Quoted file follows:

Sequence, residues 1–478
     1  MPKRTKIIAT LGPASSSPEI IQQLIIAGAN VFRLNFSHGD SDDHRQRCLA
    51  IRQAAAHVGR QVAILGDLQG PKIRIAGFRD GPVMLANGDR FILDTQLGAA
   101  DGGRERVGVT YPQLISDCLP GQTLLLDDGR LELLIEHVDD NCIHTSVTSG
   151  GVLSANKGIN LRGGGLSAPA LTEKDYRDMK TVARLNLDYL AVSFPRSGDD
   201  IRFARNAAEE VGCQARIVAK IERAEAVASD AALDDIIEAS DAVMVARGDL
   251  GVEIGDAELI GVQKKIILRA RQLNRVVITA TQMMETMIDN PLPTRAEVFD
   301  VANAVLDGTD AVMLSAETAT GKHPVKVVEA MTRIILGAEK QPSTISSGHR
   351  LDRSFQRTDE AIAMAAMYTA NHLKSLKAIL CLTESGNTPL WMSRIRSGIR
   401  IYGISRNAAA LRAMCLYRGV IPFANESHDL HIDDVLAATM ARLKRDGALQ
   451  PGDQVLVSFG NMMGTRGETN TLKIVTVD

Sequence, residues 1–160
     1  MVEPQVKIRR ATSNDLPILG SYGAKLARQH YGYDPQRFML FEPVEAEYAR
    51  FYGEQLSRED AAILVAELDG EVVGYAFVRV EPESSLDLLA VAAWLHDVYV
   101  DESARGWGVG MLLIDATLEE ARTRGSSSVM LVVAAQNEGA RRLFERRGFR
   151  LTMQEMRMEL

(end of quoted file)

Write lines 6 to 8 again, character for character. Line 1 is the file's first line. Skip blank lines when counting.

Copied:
   201  IRFARNAAEE VGCQARIVAK IERAEAVASD AALDDIIEAS DAVMVARGDL
   251  GVEIGDAELI GVQKKIILRA RQLNRVVITA TQMMETMIDN PLPTRAEVFD
   301  VANAVLDGTD AVMLSAETAT GKHPVKVVEA MTRIILGAEK QPSTISSGHR